did not become Secretary-General until 1953. In 1962, Ban won an essay contest sponsored by the Red Cross
and earned a trip to the United States
where he lived in San Francisco
with a host family for several months.
As part of the trip, Ban met U.S. President John F. Kennedy
When a journalist at the meeting asked Ban what he wanted to be when he grew up, he said, “I want to become a diplomat.”
In addition to his native Korean
, Ban speaks English and French
. There have been questions, however, regarding the extent of his knowledge of French, one of the two working languages of the United Nations Secretariat
Ban Ki-moon met Yoo Soon-taek in 1962 when they were both high school students. Ban was 18 years old, and Yoo Soon-taek was his secondary school’s student council president. Ban Ki-moon married Yoo Soon-taek in 1971. They have three adult children: two daughters and a son. His elder daughter, Seon-yong, was born in 1972 and now works for the Korea Foundation
in Seoul. She is married to an Indian.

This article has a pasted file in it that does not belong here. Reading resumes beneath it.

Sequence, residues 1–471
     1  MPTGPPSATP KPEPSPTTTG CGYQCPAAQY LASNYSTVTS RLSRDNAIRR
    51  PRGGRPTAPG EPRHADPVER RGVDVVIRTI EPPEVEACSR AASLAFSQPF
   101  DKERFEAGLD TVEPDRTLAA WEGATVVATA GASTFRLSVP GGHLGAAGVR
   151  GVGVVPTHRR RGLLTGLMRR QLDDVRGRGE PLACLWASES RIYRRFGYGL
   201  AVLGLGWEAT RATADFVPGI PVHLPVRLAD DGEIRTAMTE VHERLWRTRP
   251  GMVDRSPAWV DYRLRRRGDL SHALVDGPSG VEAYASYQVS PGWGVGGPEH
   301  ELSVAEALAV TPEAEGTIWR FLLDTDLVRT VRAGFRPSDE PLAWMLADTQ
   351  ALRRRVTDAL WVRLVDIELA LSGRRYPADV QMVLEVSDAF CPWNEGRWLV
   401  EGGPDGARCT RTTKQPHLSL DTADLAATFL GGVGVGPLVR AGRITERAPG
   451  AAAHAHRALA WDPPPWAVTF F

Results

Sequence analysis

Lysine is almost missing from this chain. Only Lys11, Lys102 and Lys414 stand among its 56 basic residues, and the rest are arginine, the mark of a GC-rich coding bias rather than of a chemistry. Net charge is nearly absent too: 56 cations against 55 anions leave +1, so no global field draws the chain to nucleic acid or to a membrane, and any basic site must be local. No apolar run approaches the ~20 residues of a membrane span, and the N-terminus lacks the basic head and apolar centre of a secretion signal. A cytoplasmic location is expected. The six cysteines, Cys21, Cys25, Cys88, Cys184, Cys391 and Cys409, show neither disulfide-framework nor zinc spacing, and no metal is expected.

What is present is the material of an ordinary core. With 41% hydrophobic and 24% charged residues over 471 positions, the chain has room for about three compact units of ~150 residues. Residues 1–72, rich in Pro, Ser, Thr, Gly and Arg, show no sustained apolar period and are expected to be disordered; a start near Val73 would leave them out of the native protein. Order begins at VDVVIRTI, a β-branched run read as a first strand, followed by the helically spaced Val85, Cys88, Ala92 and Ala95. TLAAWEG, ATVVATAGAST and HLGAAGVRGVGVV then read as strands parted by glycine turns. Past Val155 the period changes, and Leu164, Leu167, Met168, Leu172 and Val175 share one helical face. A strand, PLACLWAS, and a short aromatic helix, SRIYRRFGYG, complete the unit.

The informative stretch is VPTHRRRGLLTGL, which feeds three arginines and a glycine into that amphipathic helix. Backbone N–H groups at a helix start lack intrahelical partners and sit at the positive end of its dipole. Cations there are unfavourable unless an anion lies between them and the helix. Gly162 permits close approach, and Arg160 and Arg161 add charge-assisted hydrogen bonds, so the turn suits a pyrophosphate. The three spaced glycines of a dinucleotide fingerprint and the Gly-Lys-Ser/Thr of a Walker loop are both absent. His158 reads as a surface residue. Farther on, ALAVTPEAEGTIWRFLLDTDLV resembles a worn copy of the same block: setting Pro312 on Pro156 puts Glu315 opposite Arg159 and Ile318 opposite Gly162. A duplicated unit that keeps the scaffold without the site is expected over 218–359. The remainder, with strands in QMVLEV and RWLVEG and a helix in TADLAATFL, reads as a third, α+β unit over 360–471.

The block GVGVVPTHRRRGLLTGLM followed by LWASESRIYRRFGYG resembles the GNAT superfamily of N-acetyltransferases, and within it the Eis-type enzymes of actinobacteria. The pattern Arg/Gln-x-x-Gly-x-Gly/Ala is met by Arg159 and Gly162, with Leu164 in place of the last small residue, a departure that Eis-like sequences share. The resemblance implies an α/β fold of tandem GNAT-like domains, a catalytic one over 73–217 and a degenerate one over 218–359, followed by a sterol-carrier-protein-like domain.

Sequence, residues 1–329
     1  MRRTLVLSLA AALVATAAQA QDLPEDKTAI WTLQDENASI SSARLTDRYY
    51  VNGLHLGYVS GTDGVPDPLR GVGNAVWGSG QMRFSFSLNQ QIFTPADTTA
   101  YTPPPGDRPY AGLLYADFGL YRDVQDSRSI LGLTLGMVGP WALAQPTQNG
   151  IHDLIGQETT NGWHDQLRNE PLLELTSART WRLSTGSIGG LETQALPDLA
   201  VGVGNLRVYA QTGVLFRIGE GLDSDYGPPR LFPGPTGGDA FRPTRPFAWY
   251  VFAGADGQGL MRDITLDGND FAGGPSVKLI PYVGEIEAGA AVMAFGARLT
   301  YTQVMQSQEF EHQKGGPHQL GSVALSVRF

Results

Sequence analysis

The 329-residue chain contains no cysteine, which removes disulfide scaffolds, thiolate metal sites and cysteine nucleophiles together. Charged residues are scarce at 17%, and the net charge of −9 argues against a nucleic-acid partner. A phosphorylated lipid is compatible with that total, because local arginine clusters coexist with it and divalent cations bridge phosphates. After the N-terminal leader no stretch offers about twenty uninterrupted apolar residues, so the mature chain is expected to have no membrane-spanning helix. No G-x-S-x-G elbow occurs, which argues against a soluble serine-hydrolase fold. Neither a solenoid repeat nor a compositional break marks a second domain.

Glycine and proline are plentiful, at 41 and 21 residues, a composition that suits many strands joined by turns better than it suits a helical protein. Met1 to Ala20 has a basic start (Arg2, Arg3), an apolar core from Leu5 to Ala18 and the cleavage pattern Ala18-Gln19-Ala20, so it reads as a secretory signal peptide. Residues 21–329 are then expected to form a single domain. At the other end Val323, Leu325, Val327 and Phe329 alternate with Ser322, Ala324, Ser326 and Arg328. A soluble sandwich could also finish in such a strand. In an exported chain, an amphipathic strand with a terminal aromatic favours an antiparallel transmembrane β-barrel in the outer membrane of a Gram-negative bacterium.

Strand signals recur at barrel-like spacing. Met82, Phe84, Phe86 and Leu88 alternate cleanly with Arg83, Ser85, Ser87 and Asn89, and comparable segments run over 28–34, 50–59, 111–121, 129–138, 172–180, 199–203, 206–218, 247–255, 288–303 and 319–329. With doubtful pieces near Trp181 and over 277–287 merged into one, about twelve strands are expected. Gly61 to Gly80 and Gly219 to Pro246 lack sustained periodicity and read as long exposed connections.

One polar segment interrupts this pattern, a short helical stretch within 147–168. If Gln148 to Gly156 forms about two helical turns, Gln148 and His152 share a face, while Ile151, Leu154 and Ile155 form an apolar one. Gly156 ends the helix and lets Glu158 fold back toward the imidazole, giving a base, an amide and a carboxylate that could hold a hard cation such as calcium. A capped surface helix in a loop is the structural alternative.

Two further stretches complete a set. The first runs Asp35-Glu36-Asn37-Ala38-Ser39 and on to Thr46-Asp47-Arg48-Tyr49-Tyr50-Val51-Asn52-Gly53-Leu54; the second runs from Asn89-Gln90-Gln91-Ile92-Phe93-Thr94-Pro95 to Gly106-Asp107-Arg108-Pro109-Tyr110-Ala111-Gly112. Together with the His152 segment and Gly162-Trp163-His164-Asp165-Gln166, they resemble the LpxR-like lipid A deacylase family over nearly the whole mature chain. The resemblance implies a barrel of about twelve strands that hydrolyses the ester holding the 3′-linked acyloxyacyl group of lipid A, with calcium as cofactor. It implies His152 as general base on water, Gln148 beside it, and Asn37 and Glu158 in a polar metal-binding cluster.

His son, Woo-hyun was born in 1974 in India.
He received an MBA from Anderson School of Management
at University of California, Los Angeles
, and works for an investment firm in New York.
His younger daughter, Hyun-hee (born 1976), is a field officer for UNICEF
After his election as Secretary-General, Ban became an icon in his hometown, where his extended family still resides. Over 50,000 gathered in a soccer stadium in Chungju for celebration of the result. In the months following his election, thousands of practitioners of geomancy went to his village to determine how it produced such an important person.
Ban himself is not a member of any church or religious group
and has declined to expound his beliefs: “Now, as Secretary-General, it will not be appropriate at this time to talk about my own belief in any particular religion or god. So maybe we will have some other time to talk about personal matters.”
His mother is a Buddhist
During his tenure at the South Korean Foreign Ministry, Ban’s nickname was jusa